Prince Harry begins three-day High Court battle over legal right to protection


Prince Harry’s three-day High Court case against the Home Office over UK security arrangements for his family begins today, as a royal race row continues to rumble on.

The Duke of Sussex is challenging the February 2020 decision of the Executive Committee for the Protection of Royalty and Public Figures (Ravec), governed by the Home Office, when it ruled that Prince Harry and his family would not be granted the “same degree” of protection when visiting the UK.

The Ravec decision was announced after Prince Harry and wife Meghan stepped down as senior members of the royal family before relocating to the United States.

Harry subsequently won the right to partially challenge the High Court’s decision not to grant him automatic police protection last July, with lawyers for the duke arguing the new security arrangements were invalid due to “procedural unfairness”.

At the hearing last July, counsel for the duke argued that he wasn’t aware that the royal household was involved in Ravec’s decision to deny him police protection, after it emerged that the late Queen’s private secretary Sir Edward Young and the Earl of Rosalyn, the master of then-Prince Charles’s household, were on the Ravec committee.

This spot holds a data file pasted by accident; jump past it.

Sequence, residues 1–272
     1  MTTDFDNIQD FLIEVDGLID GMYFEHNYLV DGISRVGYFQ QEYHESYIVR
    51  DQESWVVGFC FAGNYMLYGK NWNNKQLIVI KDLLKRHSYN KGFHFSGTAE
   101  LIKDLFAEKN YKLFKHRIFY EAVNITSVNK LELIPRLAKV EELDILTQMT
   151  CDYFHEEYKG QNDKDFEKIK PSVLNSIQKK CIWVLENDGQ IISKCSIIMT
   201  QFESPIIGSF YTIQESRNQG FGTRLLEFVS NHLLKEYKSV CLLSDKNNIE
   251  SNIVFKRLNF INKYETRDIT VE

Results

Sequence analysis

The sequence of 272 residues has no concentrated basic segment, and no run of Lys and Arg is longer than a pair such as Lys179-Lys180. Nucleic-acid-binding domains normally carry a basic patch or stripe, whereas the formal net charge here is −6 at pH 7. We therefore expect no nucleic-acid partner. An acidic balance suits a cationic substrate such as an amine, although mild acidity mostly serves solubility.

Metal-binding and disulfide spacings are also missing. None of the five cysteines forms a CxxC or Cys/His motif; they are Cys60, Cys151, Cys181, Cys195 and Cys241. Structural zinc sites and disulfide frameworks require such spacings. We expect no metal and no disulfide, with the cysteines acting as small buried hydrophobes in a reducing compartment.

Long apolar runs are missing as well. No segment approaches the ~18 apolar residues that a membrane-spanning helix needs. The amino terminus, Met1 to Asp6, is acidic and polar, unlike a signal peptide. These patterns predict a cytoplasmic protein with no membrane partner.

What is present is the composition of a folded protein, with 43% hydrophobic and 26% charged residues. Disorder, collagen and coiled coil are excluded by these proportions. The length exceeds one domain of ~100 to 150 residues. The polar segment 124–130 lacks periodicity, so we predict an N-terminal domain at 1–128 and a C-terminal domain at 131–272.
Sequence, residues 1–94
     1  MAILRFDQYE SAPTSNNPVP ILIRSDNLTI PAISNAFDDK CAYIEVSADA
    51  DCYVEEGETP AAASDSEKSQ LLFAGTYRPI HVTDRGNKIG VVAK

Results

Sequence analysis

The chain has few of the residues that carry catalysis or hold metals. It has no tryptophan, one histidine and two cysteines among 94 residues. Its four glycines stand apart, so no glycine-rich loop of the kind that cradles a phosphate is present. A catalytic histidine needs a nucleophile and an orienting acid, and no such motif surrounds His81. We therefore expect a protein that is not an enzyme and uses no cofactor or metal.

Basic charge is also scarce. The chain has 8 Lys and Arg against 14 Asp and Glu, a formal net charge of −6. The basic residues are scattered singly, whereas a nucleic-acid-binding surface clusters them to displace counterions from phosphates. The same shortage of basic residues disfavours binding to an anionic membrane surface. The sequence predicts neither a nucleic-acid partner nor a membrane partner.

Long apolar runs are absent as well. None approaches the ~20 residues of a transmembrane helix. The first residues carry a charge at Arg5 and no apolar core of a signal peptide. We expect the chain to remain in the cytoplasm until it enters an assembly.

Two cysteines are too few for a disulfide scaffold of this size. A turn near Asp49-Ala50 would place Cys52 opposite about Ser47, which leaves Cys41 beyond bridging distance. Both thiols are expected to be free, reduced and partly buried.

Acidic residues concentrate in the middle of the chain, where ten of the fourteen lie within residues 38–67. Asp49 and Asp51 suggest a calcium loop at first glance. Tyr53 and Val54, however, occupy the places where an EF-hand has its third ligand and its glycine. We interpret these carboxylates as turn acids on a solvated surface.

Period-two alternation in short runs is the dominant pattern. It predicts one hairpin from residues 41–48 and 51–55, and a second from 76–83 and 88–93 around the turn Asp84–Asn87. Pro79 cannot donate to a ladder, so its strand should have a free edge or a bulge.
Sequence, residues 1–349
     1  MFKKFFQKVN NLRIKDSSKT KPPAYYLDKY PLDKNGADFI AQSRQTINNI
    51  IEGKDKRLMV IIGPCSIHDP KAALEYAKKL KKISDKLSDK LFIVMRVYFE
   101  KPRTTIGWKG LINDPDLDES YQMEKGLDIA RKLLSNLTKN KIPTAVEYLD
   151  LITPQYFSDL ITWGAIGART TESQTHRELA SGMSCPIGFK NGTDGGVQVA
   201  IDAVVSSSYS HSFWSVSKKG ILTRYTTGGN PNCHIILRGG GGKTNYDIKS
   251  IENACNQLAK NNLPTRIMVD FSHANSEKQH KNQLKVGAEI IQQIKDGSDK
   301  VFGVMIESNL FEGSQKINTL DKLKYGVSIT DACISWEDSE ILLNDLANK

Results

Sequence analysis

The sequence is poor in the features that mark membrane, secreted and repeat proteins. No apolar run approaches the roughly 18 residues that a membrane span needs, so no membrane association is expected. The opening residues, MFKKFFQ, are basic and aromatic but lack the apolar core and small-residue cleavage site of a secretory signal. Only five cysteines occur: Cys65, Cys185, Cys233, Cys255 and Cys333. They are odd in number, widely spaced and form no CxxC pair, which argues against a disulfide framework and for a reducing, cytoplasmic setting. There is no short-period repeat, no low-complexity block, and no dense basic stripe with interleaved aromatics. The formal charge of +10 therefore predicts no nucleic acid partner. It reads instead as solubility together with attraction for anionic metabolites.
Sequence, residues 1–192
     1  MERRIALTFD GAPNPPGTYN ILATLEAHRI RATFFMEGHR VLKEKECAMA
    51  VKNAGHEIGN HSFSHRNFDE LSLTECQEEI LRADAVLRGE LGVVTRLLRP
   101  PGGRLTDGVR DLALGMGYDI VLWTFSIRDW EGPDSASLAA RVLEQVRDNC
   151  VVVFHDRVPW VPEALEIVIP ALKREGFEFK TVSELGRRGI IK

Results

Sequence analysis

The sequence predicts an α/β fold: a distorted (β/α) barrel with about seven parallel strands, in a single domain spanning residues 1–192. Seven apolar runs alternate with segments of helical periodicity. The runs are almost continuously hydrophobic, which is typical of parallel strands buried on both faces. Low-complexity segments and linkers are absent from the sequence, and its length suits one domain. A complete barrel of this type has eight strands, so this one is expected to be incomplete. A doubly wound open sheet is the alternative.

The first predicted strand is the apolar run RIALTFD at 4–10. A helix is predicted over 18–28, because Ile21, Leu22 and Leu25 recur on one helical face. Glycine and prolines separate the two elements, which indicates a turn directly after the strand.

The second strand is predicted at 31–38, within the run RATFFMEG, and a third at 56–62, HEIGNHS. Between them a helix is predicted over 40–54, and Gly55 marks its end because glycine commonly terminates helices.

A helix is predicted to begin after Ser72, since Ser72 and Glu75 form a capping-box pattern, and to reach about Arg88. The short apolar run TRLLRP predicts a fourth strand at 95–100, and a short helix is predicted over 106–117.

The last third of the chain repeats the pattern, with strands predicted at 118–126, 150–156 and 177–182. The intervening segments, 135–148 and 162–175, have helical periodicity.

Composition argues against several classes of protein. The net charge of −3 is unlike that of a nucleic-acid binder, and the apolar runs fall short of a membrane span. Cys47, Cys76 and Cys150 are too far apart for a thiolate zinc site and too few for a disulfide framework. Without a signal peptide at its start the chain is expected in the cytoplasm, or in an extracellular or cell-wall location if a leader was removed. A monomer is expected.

Attorneys for Prince Harry claimed Sir Edward should not have been part of the Ravec verdict considering there were “significant tensions” between them.

Harry’s application to bring a second challenge against the UK government over the Home Office’s decision to refuse his request to pay privately for police protection was refused in a ruling this May.

The hearing comes on the heels of a royal scandal concerning the Sussexes and two senior members of the royal family, with royal reporter Omid Scobie’s new book Endgame at the heart of the controversy.

Buckingham Palace is said to be “considering all options” including legal action, after the Dutch version of Scobie’s book named King Charles and Catherine, Princess of Wales, as the royals who speculated about the colour of Prince Harry and Meghan’s firstborn baby while the duchess was pregnant.

The claim was first sensationally made by the duchess, during a 2021 interview with Oprah Winfrey, when she alleged there were “concerns and conversations” within the palace about how dark Prince Archie’s skin might be.

Prince Harry later denied Meghan was accusing the royal family of racism.

However, the row was reignited last month after an alleged “translation error” led to Charles and Catherine’s names being included in the Dutch version of Endgame.

While Scobie, 42, denied ever writing any version which included the royals’s names, it has now been revealed in a report by The Sunday Times that the author’s UK agent United Travel Agency (UTA), sent the book’s Dutch publishers an early draft which named Charles and Catherine as the senior members in connection with the Sussexes’s allegations.

The Independent has contacted UTA and Scobie for comment.

Neither the couple nor Buckingham Palace have publicly addressed the contents of Scobie’s book.



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